The limits of discussion

I spent a little time today reading some popular blogs by young up-and-coming anabaptist theologians, and the radical nature of some of the things they said made my mind wander to a conversation I’ve had several times with a good friend of mine. Before getting to the thought itself, I want to quote something from Peter Leithart’s The Promise of His Appearing: An Exposition of Second Peter:

One of the main threats facing Peter’s readers is the emergence of false teachers, and refuting the false teachers becomes the focus of his attention throughout chapter 2 and into chapter 3. “Refuting,” though, is not quite the word for Peter’s language; pummeling, denouncing, castigating, condemning, attacking, and assaulting are more accurate description of what Peter does to his opponents. He offers a few arguments in response to false teaching in chapter 3, but chapter 2 is mainly occupied not with refutation but denunciation of the most severe sort. This chapter contains some of the harshest rhetoric in the New Testament. Peter does not think the false teachers have an argument that needs to be considered carefully and responded to point-by-point; he does not try to be balanced or “fair.” Though the chapter is alarming to modern sensibilities, Peter’s vehemence is just the outgrowth of his deep pastoral commitment–when he looks at the false teachers, he sees nothing but a blur of white fangs, claws, and gray fur beneath the covering of wool, and he girds himself to make war on the wolves.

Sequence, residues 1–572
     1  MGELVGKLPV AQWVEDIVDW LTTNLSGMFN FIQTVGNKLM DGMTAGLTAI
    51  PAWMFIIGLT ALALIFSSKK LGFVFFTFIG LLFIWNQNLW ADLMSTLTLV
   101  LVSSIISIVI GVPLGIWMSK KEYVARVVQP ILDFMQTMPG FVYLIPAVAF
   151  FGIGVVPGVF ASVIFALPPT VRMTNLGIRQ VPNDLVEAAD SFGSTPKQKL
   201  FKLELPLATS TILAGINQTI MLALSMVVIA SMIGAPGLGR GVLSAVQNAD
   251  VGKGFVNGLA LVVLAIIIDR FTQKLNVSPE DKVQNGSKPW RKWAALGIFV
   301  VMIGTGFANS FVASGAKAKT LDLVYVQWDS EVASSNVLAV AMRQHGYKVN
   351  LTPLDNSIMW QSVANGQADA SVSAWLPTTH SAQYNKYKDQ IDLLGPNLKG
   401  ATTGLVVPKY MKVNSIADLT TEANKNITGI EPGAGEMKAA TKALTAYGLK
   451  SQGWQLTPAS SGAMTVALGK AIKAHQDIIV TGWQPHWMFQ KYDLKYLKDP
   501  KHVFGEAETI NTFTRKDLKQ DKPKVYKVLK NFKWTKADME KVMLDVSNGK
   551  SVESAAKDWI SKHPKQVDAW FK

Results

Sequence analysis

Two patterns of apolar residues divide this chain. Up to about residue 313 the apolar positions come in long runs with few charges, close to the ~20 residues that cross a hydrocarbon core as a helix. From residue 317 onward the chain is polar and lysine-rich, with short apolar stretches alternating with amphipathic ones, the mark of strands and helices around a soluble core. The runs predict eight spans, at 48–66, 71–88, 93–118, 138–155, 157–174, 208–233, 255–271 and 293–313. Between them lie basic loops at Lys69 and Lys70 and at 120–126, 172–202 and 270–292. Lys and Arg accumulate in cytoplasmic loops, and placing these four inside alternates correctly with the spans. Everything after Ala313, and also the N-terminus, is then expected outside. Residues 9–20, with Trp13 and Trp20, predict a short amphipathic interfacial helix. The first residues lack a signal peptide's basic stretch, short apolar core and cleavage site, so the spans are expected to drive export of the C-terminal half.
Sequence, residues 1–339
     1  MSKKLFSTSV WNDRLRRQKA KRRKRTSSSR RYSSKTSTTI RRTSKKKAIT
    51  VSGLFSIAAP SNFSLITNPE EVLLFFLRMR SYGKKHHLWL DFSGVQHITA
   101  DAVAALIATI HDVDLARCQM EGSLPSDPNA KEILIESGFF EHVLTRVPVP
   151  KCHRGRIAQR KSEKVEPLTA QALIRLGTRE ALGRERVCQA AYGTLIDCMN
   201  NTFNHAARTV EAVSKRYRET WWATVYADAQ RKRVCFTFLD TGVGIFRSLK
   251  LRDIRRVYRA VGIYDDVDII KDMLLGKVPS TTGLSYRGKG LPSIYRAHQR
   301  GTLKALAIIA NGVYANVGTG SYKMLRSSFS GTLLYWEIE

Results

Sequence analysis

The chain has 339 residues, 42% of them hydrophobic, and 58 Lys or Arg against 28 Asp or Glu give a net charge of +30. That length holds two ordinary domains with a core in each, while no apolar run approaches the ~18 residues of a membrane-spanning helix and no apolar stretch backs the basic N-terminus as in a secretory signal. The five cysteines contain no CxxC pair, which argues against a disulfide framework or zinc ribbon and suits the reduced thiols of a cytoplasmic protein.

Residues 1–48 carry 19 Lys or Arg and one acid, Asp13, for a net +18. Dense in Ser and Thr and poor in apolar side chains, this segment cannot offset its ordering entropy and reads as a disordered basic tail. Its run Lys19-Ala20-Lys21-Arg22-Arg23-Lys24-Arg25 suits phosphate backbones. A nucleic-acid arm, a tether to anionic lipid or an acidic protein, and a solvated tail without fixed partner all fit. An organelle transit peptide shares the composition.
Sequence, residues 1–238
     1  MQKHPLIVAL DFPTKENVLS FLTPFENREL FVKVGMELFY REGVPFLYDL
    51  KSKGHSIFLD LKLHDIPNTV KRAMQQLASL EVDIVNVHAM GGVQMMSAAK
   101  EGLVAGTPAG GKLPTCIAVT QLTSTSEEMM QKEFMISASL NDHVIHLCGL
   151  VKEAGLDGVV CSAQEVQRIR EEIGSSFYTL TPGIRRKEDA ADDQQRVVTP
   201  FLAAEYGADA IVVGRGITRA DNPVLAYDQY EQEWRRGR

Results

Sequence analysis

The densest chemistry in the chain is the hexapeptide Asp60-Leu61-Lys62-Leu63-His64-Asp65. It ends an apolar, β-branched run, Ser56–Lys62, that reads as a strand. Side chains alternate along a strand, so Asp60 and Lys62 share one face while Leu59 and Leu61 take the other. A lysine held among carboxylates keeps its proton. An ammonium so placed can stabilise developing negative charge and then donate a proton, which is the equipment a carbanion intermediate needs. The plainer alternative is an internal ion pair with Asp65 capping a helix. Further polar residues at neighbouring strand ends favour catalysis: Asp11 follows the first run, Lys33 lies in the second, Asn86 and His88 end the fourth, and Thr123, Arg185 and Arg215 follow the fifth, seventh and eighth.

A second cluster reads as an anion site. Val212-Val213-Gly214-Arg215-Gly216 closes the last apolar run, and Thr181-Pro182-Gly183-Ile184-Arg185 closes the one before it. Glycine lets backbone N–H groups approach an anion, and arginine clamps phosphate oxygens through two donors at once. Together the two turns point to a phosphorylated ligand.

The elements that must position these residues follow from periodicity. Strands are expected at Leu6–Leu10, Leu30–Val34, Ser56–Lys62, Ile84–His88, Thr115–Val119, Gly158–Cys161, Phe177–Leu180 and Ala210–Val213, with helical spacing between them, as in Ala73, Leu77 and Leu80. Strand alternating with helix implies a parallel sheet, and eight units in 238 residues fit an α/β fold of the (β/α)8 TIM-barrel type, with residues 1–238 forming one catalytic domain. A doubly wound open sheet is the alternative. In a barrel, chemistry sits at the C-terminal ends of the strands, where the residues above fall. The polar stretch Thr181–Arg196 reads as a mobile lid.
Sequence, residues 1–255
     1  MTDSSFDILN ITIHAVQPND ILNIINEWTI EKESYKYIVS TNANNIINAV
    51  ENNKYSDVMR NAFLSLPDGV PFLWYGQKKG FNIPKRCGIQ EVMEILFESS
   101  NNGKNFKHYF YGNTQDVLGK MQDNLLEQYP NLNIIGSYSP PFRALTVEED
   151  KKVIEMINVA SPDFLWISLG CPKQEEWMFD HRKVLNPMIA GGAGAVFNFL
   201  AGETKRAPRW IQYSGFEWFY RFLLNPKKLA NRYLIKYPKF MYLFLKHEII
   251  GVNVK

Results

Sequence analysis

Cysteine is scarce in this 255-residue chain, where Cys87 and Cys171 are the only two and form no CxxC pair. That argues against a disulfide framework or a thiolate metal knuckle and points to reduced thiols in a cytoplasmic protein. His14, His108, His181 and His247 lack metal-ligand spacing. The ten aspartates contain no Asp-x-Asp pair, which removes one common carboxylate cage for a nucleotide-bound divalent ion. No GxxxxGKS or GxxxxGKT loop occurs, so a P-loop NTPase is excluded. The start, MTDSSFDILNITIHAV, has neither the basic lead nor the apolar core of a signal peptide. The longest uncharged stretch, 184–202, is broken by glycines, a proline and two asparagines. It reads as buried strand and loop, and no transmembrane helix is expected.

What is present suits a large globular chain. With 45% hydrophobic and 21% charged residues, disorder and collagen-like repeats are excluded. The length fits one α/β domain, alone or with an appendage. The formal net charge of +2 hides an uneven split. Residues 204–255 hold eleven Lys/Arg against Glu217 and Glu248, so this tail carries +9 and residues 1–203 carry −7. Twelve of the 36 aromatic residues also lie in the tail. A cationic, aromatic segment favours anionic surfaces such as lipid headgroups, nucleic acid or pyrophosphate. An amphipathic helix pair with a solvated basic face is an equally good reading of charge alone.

The issue is probably obvious: how do we know what point we ought to switch from “discussion” to simple denunciation? When do we stop treating people as wandering sheep and start treating them like wolves in sheep’s clothing?